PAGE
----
So, want to know the secret to succeeding in social media? Hire great people (of all levels) who are already involved in it (I mean seriously involved) and give them the freedom (responsibility) to continue being connected. Make consumers respect your organization because they respect your employees. Get them excited about your organization because your employees are excited about it.

  6. Great post Ron. I think everyone in Banks considering ‘social media’ should be required to read that annoyingly written yet accurate book, The Cluetrain Manifesto.

    Basic premise is this ….
    1. employees need to be connected to each other
    2. customers need to be able to talk to each other
    3. employees and customers will then talk to each other, as people

    1. is nowhere. 2. is happening despite Banks. 3. cannot happen without 1. and 2.

    I hate to be annoyingly pedantic on blogs, but if your Bank cannot get their mind around operating a blog for at least a year, and honestly allowing the blogger(s) to chat to people on the Bank blog, AND comment on other blogs freely. Anything less means the Bank has not got it, and is culturally not able to move to the next level.

    As you say sticking a page in Facemeebo social network de jour is not social media. It merely perpetuates the old fashioned bring them to my site mentality. The physical equivalent would be …. Mr Customer – we cannot speak to you unless you attend at our office. If we meet in the street/ coffee shop/ around town, we cannot talk – HQ won’t allow it!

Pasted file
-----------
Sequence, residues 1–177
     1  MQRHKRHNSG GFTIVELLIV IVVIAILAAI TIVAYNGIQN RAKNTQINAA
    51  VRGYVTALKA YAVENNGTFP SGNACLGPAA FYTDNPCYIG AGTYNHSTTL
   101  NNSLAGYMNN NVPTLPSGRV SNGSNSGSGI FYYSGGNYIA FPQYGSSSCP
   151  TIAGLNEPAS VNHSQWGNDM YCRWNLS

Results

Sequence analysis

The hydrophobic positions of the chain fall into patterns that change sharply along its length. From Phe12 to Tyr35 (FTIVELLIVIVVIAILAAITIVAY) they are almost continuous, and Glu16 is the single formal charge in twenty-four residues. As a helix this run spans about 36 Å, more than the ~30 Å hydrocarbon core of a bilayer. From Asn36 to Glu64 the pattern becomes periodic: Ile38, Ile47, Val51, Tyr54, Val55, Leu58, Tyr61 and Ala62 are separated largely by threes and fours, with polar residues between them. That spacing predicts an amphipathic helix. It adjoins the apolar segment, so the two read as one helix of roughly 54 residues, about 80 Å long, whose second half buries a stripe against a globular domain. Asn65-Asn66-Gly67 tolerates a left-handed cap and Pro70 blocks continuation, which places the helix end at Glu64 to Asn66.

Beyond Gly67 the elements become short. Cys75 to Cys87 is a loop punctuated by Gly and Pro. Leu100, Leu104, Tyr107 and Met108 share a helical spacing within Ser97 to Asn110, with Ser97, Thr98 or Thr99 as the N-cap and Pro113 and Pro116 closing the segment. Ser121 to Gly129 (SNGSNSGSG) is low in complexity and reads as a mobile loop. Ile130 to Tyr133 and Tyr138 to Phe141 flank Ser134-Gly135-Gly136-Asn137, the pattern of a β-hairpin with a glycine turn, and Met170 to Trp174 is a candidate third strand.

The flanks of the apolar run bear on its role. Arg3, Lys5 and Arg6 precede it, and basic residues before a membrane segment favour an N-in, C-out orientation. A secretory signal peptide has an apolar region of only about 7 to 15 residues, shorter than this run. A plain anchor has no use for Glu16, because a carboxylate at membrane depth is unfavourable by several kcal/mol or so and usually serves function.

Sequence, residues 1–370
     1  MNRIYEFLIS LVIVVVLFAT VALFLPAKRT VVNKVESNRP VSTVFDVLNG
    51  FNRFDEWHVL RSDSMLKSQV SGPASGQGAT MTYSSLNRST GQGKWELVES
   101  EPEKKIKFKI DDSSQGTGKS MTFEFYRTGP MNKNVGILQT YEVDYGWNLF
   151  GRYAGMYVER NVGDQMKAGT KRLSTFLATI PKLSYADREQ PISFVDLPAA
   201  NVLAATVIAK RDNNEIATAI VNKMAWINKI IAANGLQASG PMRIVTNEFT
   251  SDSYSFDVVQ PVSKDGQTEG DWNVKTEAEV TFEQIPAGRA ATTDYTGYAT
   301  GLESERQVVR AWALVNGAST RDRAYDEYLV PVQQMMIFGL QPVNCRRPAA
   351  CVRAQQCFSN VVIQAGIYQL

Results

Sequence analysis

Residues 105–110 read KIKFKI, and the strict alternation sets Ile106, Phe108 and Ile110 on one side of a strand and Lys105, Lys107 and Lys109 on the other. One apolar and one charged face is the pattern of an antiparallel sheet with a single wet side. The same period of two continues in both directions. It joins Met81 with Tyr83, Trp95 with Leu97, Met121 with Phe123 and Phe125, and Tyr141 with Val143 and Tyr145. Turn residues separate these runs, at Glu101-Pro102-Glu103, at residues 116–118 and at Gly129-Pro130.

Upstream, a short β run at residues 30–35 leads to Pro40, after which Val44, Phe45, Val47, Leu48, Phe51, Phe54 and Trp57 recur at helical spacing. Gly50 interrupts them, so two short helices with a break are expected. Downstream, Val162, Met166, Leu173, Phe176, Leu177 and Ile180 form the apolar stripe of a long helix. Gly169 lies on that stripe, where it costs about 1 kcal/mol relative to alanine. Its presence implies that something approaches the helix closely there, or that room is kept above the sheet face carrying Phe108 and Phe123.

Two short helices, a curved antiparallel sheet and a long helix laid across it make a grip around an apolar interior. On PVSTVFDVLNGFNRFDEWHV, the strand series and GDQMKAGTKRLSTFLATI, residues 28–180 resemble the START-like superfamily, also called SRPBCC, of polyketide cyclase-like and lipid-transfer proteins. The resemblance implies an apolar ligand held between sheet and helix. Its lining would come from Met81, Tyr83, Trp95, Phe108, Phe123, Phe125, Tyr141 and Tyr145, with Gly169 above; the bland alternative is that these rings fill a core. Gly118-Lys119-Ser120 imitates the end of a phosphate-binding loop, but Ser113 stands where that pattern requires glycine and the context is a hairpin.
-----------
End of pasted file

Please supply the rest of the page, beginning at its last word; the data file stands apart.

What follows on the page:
7. Ron:
    They are not users of social media themselves. The negative opinion is around the loss of control they have over the message. It is dated thinking, but a current issue none-the-less. However, we must cater to everyone, so a carefully carefully approach is the best we can do. Anything else will get social media shut down.

  8. @James … key point in your comment is the loss of control. How do we get Banks to understand that there is greater control available to them, with a pro-active approach, as opposed to loss of control.

  9. Great post Ron.

    Banks certainly need to know these things before starting with Social Marketing.

    However I strongly believe that learning in the field than off field in the marketing area. There are multiple challenges and the positions that comes and play, and many a times its the egg and the hen game.

    My experience says, employees and customers are part of the company’s ecosystem, and they will take part if company initiates it.

    While I was in Global Analytics, CEO Krishna used to start various discussions on statistics and mathematics, and director Nikhil used to counter him with business logic. This lead many people joining the war, and huge knowledge base was created. Everybody learned and everybody enjoyed too.

    So just jumping off is not that bad idea either!!

  10. And believe me, educating people on social networking is very difficult, be it employees or customers.
    The only thing that can be done is initiate it and let them consume. Some or the other time, they might join.

    Might be wait and watch. But it is worth!!